5. Fighting the perception that one vote doesn't make a difference - every sensible person knows that democratic elections are won by tallying all the votes and determining the winner - sometimes according to a ludicrously complex representational system - but the basic principle is there. It is plainly obvious that your vote counts (assuming no fraud - 1, 2, 3), yet you just can't fight that feeling, on election day, that it won't make a difference whether you turn up or not. The polls say 'Candidate A' by 2.5% - that's like a gazillion votes - if I don't turn up it will be a gazillion minus one. It is so easy to justify not turning up - our brains just can't cope with the logic of operating in a group of that size. We see the same psychology with conservation efforts - nobody wants the world to frizzle or choke, but drawing any relationship between switching a light off and an effect on the larger environment is just about too much for our brains to cope with. We have to work hard to apply the logic, even though we know it must be true. 
Arguments against compulsory voting:
  1. Voting is a Civil Right, not a Civil Duty - I'm happy with that definition - you shouldn't be forced to vote. Handy, then, that 'compulsory voting' doesn't force you to vote. What is a necessity, however, is knowing that everyone who was eligible, and wanted to vote had an opportunity to do so. Right now, our best chance to achieve that is making it compulsory to demonstrate your opportunity. If we could find a solution that didn't require you to physically turn up on election day, that would be great, but for now its the best we have. 'Compulsory voting' delivers on all of the above arguments, while still offering your civil right to (or not to) vote. This argument is saying that you shouldn't have to do stuff if you don't want to. Well, you have to pay taxes, you have to drive on the correct side of the road, you have to avoid the urge to hit people. Saying 'Hey, I could have voted if I wanted to', doesn't seem much, and arguing against it seems a touch pedantic, especially looking at all the benefits.
  2. It isn't easy to deliver, or enforce - This is very true. In Australia, compulsory voting relies on the accuracy of the electoral roll - this ensures that your name is on the list when you turn up to the polling station. You also need to be able to prove who you are, and where you live. If you don't turn up you get fined - but the fine notice is sent to the address on the electoral roll. Keeping the electoral roll up to date requires constant maintenance, and something that can never be done completely. If you never enrol, then you'll never be fined for not turning up - but of course you can't vote unless you're on the roll. A lot of effort is made by the government to keep the roll up to date, and the process is fairly simple. That's in Australia - and in the global context, life ain't hard in Australia (for most people). Apart from a protracted effort to destroy the culture that first occupied Australia, the most civil unrest Australia has experienced appears to be a couple of small riots (1, 2). Implementing 'compulsory voting' in places where things aren't so stable could be a real challenge. This argument is, however, a falsehood. If we ran our society on the basis that we should only do what is easy, and not what is right, then we'd have, well, hmmm... something like what we have now. We've just seen in Copenhagen how doing hard things can be tough - even when they are right. We need to do hard things, and we shouldn't avoid them because they are hard. This argument says we shouldn't do 'compulsory voting' because it is too hard, and that's not a sufficient, especially when we begin to reap the benefits even when the implementation is not perfect.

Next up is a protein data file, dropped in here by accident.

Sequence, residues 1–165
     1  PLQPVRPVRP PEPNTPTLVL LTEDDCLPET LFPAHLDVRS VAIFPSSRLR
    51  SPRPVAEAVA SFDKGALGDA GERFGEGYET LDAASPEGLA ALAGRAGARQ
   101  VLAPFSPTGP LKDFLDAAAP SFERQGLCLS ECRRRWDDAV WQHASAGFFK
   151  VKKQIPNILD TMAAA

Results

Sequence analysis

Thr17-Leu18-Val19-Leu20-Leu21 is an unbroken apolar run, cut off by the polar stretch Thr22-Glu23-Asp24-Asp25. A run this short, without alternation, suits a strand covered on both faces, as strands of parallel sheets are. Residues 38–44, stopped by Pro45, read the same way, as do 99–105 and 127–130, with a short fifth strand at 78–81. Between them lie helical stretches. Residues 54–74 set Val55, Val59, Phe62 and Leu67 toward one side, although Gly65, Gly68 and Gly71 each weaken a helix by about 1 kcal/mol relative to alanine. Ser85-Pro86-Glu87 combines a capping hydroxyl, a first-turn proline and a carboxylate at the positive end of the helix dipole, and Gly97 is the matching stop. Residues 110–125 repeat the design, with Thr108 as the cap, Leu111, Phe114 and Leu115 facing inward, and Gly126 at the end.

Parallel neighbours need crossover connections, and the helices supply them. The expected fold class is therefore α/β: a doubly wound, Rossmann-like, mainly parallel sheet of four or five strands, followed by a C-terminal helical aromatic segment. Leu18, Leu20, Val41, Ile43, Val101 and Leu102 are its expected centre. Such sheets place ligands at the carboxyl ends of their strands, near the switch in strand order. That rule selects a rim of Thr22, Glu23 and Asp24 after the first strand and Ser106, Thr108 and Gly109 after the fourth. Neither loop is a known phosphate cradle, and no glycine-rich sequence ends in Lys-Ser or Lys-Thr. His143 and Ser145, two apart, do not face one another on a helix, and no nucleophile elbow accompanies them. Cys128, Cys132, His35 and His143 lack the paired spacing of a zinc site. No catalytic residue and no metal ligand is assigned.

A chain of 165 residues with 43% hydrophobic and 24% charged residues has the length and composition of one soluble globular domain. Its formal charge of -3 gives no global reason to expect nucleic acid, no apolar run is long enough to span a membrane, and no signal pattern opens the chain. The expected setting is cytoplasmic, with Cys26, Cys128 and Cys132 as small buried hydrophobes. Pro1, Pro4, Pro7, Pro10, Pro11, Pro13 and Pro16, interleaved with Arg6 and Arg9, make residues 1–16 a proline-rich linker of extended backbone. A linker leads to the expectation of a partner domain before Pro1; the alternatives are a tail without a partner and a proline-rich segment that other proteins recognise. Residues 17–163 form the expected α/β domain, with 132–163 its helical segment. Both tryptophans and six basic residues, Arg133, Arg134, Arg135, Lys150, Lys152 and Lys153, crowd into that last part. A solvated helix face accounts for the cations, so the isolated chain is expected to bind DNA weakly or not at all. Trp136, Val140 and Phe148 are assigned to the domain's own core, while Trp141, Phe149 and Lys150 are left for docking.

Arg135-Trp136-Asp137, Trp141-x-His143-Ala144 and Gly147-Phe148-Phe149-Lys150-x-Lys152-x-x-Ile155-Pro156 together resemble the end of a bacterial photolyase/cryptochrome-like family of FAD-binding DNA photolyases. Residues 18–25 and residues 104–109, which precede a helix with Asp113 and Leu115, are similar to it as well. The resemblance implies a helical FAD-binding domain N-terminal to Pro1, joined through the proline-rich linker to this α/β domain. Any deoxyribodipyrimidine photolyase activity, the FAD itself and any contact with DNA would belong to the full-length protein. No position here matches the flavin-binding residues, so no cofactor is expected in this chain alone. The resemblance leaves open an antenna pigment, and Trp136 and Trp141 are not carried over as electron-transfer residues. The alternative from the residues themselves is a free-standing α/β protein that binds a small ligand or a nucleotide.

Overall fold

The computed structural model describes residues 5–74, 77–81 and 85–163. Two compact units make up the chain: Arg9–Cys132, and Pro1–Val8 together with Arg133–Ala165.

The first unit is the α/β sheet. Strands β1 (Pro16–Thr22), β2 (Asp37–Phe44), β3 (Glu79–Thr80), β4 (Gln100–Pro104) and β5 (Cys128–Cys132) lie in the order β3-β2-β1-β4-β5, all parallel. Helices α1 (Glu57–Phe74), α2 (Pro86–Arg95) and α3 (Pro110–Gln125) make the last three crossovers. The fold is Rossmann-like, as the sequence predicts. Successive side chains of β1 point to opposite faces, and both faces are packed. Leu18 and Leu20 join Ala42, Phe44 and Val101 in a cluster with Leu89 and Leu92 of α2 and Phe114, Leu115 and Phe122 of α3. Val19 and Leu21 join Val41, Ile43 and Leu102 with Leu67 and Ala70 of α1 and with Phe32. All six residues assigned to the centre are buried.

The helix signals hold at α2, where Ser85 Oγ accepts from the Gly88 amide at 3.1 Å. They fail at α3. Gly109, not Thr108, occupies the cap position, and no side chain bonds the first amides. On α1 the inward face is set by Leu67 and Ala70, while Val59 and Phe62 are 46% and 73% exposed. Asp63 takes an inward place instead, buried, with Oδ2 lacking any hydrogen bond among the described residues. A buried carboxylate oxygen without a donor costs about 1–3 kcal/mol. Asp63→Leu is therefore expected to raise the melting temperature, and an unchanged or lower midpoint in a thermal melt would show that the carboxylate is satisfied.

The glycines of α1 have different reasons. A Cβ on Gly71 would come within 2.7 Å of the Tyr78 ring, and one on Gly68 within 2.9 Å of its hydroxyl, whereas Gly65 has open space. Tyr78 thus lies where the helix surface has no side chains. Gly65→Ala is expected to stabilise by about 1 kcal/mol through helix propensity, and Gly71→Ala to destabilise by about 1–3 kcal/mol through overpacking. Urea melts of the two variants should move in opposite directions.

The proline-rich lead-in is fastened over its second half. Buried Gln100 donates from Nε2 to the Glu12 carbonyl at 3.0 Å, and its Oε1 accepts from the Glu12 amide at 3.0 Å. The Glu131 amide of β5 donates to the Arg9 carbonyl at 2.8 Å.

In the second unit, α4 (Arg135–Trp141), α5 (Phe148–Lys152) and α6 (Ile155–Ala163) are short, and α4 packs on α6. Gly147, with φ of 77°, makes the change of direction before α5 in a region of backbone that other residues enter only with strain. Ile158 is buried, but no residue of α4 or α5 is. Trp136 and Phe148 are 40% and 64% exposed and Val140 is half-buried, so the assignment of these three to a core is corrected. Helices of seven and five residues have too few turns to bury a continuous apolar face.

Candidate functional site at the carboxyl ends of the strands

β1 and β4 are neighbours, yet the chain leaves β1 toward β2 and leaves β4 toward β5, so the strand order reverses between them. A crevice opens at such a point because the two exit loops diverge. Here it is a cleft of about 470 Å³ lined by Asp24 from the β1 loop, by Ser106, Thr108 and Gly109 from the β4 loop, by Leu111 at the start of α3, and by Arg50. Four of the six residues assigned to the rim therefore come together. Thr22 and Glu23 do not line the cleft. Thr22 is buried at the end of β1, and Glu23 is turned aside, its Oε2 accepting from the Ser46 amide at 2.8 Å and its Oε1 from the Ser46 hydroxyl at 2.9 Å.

3. Uninformed, ignorant, or apathetic people shouldn't be deciding our government - 'people like X shouldn't be voting' - sounds pretty bad - just having a list is a recipe for real problems. I'd first say that using failure to vote as a discriminator for anything is useless. As discussed above, the people who don't vote when voting is voluntary fail to do so for many reasons, and can not be identified as fitting into any specific category other than 'those who didn't vote'. Lets look at it from another angle though - would our world be better if everything were decided by a benevolent, altruistic genius - the benevolent dictator, or enlightened despot? Perhaps all our efforts should be put into finding benevolent dictators. What would be the process for finding such a person? Would everyone get a say, or just some people? Perhaps the despot could choose their successor, or some other mechanism might be used? When looking at these options, we realise that all our political systems, in one way or another, represent a search for the enlightened despot. Our Leader. Of course most systems have worked out by now that we have to limit the powers of our enlightened despot, in case we get it wrong and he turns out to be just a despot, or even worse - a malevolent despot. In the US, the president may only serve 2 terms, and many people are currently very thankful for that limitation. So how does all this relate to the argument that some people shouldn't vote - that representation of ignorance is bad for the political process? Only that one man's ignorance is another's enlightenment - and that everyone is affected by the government that is elected - 'ignorant' or 'informed'. This argument boils down to 'I only want people to participate if they are likely to agree with me', or worse 'I know better than you do what's best for us'.  It's a false argument.